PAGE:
Weekend Talking Points - 'Budding'

Authored By:
Scott Bradley Brixen
John Smith
January 1, 2023
5 min read

Another rough week for buyers, as mortgage rates approached 7.5% in response to a blistering retail sales figure and Jerome Powell’s crisis of (inflation) confidence.

Fannie, Freddie and the NAR settlement. Responding to an NAR request, Fannie Mae and Freddie Mac issued identical policy clarifications. The bottom line is that if sellers offer to pay a buyer’s agent commissions, those payments will not be treated as interested party contributions (IPCs), and therefore not part of the % cap on seller contributions. [Fannie Mae, Freddie Mac]

Shopping, not dropping. Retail sales for March were much stronger than expected, rising 0.7% month-over-month (the market was expecting +0.3%) and sales excluding autos were up 1.1% MoM. In addition, February retail sales were revised UP to +0.9% MoM (from +0.6% MoM). [Commerce Department]

Another gut-punch for bonds (and homebuyers). Following last week’s ‘1–2 punch’ of hotter jobs and inflation numbers, the strong retail sales figures brought even more pain to the bond market. 10-year US Treasury yields leaped above 4.6%, and average 30-year mortgage rates jumped to 7.5%. [MBS Highway, Mortgage News Daily]

Powell losing confidence. Speaking at a forum on Tuesday, Fed Chairman Jerome Powell said that “Recent data have clearly not given us greater confidence [that inflation is under control and] instead indicate that it’s likely to take longer than expected to achieve that confidence.” [Federal Reserve]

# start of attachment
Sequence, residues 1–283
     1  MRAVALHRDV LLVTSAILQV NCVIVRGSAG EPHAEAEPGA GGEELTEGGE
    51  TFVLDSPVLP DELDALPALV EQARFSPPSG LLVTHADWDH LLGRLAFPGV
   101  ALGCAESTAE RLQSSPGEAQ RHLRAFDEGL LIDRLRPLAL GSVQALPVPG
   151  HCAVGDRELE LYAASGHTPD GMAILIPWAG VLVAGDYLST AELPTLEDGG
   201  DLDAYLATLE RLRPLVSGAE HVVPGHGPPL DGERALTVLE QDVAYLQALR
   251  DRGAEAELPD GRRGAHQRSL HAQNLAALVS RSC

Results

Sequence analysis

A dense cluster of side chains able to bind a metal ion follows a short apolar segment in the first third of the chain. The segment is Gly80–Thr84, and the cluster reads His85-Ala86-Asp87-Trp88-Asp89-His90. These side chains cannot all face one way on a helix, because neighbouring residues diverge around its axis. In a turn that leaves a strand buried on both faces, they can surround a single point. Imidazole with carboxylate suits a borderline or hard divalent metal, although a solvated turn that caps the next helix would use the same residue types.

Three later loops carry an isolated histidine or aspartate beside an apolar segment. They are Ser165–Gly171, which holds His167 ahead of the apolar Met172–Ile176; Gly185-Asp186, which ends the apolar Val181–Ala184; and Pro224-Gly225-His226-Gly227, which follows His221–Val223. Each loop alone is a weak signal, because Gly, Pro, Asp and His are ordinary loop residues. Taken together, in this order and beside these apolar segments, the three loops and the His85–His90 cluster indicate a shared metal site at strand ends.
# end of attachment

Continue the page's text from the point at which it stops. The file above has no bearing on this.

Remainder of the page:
Rate cuts get “priced out.” Current implied probability of a Fed rate cut on May 1? 2%. How about June 12? 15%. And July 31? 41%. You’ve got to go all the way out to the Sept 18 meeting to get better than 50/50 odds for a rate hike. [CME]

Growth in builder confidence stalls. The National Association of Homebuilders’ confidence index was flat at 51 in April, having risen each of the prior four months. The Buyer Traffic component of the index (35) continues to drag the overall index down. Current Sales Expectations (57) and Future Sales Expectations (60) remained well above the 50 break-even point. [NAHB]

New home activity slowed. Total housing starts fell 14.7% MoM (-4.3% YoY) to a seasonally-adjusted, annualized rate of 1.32 million units. Within that, multifamily starts (5 or more units) plunged 21% MoM (-44% YoY) to a SAAR rate of 290,000 units, the lowest figure since 2017, excluding COVID. [Census Bureau]

Sellers feeling FOMO. Realtor.com’s 1Q 2024 Sellers Survey found that 85% of prospective sellers have been thinking about selling for 1–3 years already. In addition, 79% of recent sellers wished that they had listed their home earlier when the market was hotter. 79% of prospective sellers felt locked in by their current mortgage rate, but 29% plan to sell anyway “for personal reasons” [Realtor.com]

Existing home sales relatively resilient. March existing home sales dropped 4.3% MoM to 4.19 million (seasonally-adjusted, annualized rate). Considering that average 30-yr mortgage rates were on an upward trend in Feb/March, this is a reasonably strong result. The median sales price rose 2.3% MoM in March to $393,500. [NAR]

Activity levels warming up. The Realtors Confidence Index for March saw first-time buyers becoming more active (32% of sales), competition levels rising (3.1 offers per home sold, 29% of homes sold above list price), and faster sales (days on market dropped to 33). [More on this later] While this is largely a seasonal phenomenon, the increased demand despite higher rates is impressive. [NAR]

Investors staying active. According to data from CoreLogic, 29% of the single family homes sold in 4Q 2023 were purchased by investors. That’s a new % record, but it doesn’t mean that investors are buying more units. Activity levels have shrunk for all buyers, but on a relative basis, investors have stayed more active. [CoreLogic]